Medicaid is a “conditional grant” program, meaning that the federal government offers each state a significant chunk of money to fund health coverage for low-income patients, but the states must agree to a long list of rules governing how this money should be spent.
All 50 states voluntarily accept at least some Medicaid funds, so all 50 states must comply with the conditions attached to those funds. Those conditions range from broad requirements that state Medicaid programs must cover certain individuals, such as low-income pregnant patients and children, to granular rules governing how Medicaid-funded facilities must operate. In Talevski, for example, the plaintiffs accused a Medicaid-funded nursing home of violating a law forbidding it from using psychotropic drugs “for purposes of discipline or convenience and not required to treat the resident’s medical symptoms.”
Many of these conditions, moreover, are enforced almost entirely through private lawsuits. In 2015, however, three current members of the Court (Roberts, Justice Clarence Thomas, and Alito) signed onto an opinion by the late Justice Antonin Scalia, which argued that “the modern jurisprudence permitting intended beneficiaries [of federal programs] to sue does not generally apply” to conditional grant programs like Medicaid.
Had Scalia’s position prevailed in Talevski, it would have gutted the entire Medicaid program, leaving Medicaid beneficiaries almost entirely helpless if a state denied them legally mandated coverage.
Yet, when confronted with a case that could destroy a program that millions of Americans already depend upon for health care, even most of the Court’s Republican appointees blinked. Again, the decision in Talevski, which rejected Scalia’s argument and left the status quo in place, was 7-2 — with only Thomas and Alito in dissent.
Compare that decision with Nebraska, the case striking down Biden’s student loan forgiveness program. Although the Education Department announced that program in August of 2022, it never took effect because Biden-skeptical judges raced to enjoin it. And the Court’s GOP-appointed majority had no problem with halting a government program that did not yet have any beneficiaries.
Once welfare state programs take full effect, however, several key justices appear much more reluctant to disturb them.
The Court is unlikely to let judges ban abortion outright
In Dobbs v. Jackson Women’s Health Organization (2022), the decision overruling Roe, the five Republican appointees in the majority pledged to stay out of national abortion policy. “It is time to heed the Constitution and return the issue of abortion to the people’s elected representatives,” Alito wrote, promising that henceforth, the question of whether abortions would remain legal would rest with elected legislatures.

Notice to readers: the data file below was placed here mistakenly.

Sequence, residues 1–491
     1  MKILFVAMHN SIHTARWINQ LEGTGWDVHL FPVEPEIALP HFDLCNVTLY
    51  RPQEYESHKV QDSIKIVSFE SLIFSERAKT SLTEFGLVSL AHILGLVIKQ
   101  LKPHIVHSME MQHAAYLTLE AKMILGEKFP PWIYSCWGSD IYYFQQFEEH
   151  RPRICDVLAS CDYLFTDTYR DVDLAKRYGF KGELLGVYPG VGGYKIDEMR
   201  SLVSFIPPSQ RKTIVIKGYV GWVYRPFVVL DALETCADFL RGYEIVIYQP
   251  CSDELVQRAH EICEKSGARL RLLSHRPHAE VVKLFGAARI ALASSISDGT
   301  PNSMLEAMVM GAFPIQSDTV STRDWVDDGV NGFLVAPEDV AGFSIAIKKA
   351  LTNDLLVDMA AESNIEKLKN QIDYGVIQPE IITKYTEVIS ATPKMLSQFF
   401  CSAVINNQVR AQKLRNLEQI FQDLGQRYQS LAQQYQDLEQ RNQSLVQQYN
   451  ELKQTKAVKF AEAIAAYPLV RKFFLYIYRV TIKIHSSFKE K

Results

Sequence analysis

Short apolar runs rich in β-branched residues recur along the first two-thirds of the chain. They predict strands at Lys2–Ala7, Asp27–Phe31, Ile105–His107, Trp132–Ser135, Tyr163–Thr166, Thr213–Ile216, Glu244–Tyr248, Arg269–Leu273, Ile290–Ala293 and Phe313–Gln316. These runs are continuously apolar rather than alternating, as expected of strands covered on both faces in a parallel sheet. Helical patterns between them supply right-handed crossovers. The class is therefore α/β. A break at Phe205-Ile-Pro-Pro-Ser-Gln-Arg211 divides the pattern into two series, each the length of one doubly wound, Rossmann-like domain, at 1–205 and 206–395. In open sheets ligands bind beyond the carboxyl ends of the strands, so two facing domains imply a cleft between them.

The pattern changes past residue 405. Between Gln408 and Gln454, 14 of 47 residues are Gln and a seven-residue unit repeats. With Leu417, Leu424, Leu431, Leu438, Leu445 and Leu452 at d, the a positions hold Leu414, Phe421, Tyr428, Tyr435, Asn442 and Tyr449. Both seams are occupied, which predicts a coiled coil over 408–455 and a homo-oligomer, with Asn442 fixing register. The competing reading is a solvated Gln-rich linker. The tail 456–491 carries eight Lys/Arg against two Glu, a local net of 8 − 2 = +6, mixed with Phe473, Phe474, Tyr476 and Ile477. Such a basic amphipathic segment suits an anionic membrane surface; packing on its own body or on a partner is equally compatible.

This was obviously a terrible blow to abortion rights. In Dobbs, the Supreme Court abandoned its historical posture of protecting those rights, and instead adopted a new position of neutrality to abortion. Henceforth, there would be no constitutional safeguards if lawmakers chose to ban the procedure. This has had disastrous consequences for pregnant people in states where lawmakers did just that.
But there is a third posture that the courts could take toward abortion: It could be banned nationally by judicial decree. Last April, Judge Matthew Kacsmaryk, a longtime Christian Right activist who Trump put on the federal bench, tried to take the courts down this third path. In a decision that took extraordinary liberties with the law, Kacsmaryk attempted to ban mifepristone, a medication used in about half of all abortions in the United States. Mifepristone has been legal in the US since 2000.
In any event, the Supreme Court stepped in fairly quickly, in Danco Laboratories v. Alliance for Hippocratic Medicine, to block Kacsmaryk’s decision before it could take effect. Only two justices — again, Thomas and Alito — publicly dissented from the Court’s decision to keep mifepristone legal.
This case will need to go up to the justices again. On Wednesday, a far-right panel of the United States Court of Appeals for the Fifth Circuit handed down its own decision attempting to significantly restrict mifepristone. But the Danco Laboratories decision is a hopeful sign that the justices will not allow rogue judges to ban abortion outright, or to ban medications and other items used in abortions.
The Supreme Court is not controlled by people who want to harm the United States
In 2008, as a collapsing US housing market threatened to throw the globe into a second Great Depression, Congress created an agency, the Federal Housing Finance Agency (FHFA), which oversaw hundreds of billions of dollars worth of transactions intended to stabilize the housing market and prevent the terrible 2008 recession from becoming something much worse.